Recent articles on intervention research in occupational safety and health were reviewed. Representative publications, across a spectrum of industry types, were identified by computer search of the NIOSHTIC, Psychological Abstracts and Wilson Social Science Index databases. Articles summarized were classified as administrative, behavioral, or engineering, based on the type of intervention evaluated. Administrative interventions were defined as changes in work exposure or procedures, such as job rotation, rest schedules and work area monitoring. Behavioral interventions included safety training and other attempts to encourage safe work practices. Engineering interventions were physical changes in sources of occupational hazards or routes of exposure to hazards, such as improvements in ergonomics. Many studies lacked a theoretical foundation, relied on small samples or evaluated interventions lacking the power to produce desired outcomes. Studies that were not driven by theory offered no explanation of how an intervention was to produce an expected outcome, thus limiting understanding of how positive outcomes occurred and providing no conceptual framework for future improvements. The designs of most studies were quasiexperimental, having nonrandomly selected control and treatment groups or nonexperimental, in that they included only a treatment group and no controls. Although sample sizes varied among studies, none of the articles discussed recruitment of large enough samples to generate the statistical power needed to detect effects of interventions. The authors conclude that, since nonexperimental designs do not allow causal inference, quasiexperiments using nonrandom comparison groups or longitudinal data to study effects of intervention over time are better alternatives. Design limitations, such as quasiexperimentation and sample size issues should be discussed in publications. The authors recommend use of interdisciplinary research teams to conduct intervention research. Labor and management should be involved in planning the studies.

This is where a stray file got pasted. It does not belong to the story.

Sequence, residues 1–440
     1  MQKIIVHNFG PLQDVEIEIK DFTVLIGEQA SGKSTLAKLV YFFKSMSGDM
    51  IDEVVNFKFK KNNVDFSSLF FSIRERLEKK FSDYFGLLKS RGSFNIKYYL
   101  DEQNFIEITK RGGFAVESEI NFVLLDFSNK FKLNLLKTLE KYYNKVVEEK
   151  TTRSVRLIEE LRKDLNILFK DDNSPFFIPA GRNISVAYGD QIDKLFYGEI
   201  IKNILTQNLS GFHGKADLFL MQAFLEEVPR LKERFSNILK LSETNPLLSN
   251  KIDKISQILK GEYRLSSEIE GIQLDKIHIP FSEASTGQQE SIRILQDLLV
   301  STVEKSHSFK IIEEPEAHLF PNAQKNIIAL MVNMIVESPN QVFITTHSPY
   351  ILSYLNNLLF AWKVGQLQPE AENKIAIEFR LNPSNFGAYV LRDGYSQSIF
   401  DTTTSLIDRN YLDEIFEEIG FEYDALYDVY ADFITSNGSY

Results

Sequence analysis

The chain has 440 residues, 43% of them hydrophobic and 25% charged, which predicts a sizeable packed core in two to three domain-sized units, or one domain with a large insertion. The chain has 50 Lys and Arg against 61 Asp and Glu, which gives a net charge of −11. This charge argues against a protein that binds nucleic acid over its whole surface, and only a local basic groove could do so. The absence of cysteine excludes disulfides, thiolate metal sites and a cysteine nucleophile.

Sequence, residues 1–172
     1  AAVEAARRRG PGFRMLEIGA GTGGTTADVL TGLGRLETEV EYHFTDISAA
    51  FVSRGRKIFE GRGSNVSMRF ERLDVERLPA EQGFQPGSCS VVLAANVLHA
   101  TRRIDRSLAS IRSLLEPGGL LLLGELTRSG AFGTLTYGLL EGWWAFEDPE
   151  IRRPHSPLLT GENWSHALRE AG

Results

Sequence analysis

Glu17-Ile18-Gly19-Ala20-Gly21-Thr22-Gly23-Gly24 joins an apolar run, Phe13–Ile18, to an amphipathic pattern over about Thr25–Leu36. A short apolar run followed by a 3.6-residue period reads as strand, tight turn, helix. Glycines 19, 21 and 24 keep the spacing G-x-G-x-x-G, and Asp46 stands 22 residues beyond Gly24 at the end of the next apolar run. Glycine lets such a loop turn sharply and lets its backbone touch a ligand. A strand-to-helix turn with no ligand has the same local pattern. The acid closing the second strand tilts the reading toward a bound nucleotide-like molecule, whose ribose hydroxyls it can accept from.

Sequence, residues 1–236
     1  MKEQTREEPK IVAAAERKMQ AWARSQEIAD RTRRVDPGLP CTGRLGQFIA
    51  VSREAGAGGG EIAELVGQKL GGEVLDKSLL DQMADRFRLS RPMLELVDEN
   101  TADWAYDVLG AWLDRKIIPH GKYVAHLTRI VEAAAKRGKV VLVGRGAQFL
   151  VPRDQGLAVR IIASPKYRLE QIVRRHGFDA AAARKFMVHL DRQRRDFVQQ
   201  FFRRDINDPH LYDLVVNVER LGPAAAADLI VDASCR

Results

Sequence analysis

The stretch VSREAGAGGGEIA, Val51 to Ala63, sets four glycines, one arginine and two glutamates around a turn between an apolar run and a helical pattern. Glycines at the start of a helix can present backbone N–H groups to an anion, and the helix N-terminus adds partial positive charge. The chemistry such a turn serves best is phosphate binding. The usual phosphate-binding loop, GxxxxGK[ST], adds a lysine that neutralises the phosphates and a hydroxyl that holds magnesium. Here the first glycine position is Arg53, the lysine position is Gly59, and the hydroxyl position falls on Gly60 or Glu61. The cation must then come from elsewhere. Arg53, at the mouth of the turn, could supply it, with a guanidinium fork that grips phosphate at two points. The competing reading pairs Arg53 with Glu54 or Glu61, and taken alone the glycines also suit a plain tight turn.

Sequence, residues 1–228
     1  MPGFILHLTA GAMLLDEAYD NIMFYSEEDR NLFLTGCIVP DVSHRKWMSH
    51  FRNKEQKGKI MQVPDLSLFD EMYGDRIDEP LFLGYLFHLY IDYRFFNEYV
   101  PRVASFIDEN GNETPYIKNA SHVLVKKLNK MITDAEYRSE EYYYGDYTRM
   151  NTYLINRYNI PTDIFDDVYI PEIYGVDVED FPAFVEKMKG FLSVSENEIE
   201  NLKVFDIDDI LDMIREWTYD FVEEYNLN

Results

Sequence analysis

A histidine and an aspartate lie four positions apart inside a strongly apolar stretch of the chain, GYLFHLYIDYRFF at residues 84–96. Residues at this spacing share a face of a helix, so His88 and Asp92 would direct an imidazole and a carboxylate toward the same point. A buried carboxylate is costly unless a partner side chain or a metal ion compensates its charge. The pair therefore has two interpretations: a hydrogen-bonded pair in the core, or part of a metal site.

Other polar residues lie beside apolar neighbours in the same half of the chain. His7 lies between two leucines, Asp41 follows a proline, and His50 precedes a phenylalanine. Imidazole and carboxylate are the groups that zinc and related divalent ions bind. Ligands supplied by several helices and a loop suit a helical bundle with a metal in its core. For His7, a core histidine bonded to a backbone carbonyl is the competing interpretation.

Dr. Linda M. Goldenhar, National Institute for Occupational Safety and Health, 4676 Columbia Parkway, MS-R42, Cincinnati, OH 45226-1998